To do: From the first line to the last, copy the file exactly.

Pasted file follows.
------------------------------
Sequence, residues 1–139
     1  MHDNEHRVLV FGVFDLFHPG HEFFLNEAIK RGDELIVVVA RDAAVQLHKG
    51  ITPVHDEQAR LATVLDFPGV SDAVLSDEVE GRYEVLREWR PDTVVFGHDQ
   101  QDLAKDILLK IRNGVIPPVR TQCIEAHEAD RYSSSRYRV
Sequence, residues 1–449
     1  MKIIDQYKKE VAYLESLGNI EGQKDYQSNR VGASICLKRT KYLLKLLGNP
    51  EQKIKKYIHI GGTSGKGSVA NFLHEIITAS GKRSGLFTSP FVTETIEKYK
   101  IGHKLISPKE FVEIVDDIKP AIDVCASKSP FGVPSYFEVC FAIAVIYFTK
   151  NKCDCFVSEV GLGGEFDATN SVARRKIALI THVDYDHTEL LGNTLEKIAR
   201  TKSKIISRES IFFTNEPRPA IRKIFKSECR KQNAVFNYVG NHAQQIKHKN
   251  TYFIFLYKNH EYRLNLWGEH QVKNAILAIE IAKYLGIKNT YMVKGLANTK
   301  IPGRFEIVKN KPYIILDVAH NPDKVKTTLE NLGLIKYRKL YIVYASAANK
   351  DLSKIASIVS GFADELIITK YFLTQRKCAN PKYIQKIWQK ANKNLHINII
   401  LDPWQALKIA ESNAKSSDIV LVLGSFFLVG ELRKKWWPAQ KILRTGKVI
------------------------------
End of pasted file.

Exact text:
Sequence, residues 1–139
     1  MHDNEHRVLV FGVFDLFHPG HEFFLNEAIK RGDELIVVVA RDAAVQLHKG
    51  ITPVHDEQAR LATVLDFPGV SDAVLSDEVE GRYEVLREWR PDTVVFGHDQ
   101  QDLAKDILLK IRNGVIPPVR TQCIEAHEAD RYSSSRYRV
Sequence, residues 1–449
     1  MKIIDQYKKE VAYLESLGNI EGQKDYQSNR VGASICLKRT KYLLKLLGNP
    51  EQKIKKYIHI GGTSGKGSVA NFLHEIITAS GKRSGLFTSP FVTETIEKYK
   101  IGHKLISPKE FVEIVDDIKP AIDVCASKSP FGVPSYFEVC FAIAVIYFTK
   151  NKCDCFVSEV GLGGEFDATN SVARRKIALI THVDYDHTEL LGNTLEKIAR
   201  TKSKIISRES IFFTNEPRPA IRKIFKSECR KQNAVFNYVG NHAQQIKHKN
   251  TYFIFLYKNH EYRLNLWGEH QVKNAILAIE IAKYLGIKNT YMVKGLANTK
   301  IPGRFEIVKN KPYIILDVAH NPDKVKTTLE NLGLIKYRKL YIVYASAANK
   351  DLSKIASIVS GFADELIITK YFLTQRKCAN PKYIQKIWQK ANKNLHINII
   401  LDPWQALKIA ESNAKSSDIV LVLGSFFLVG ELRKKWWPAQ KILRTGKVI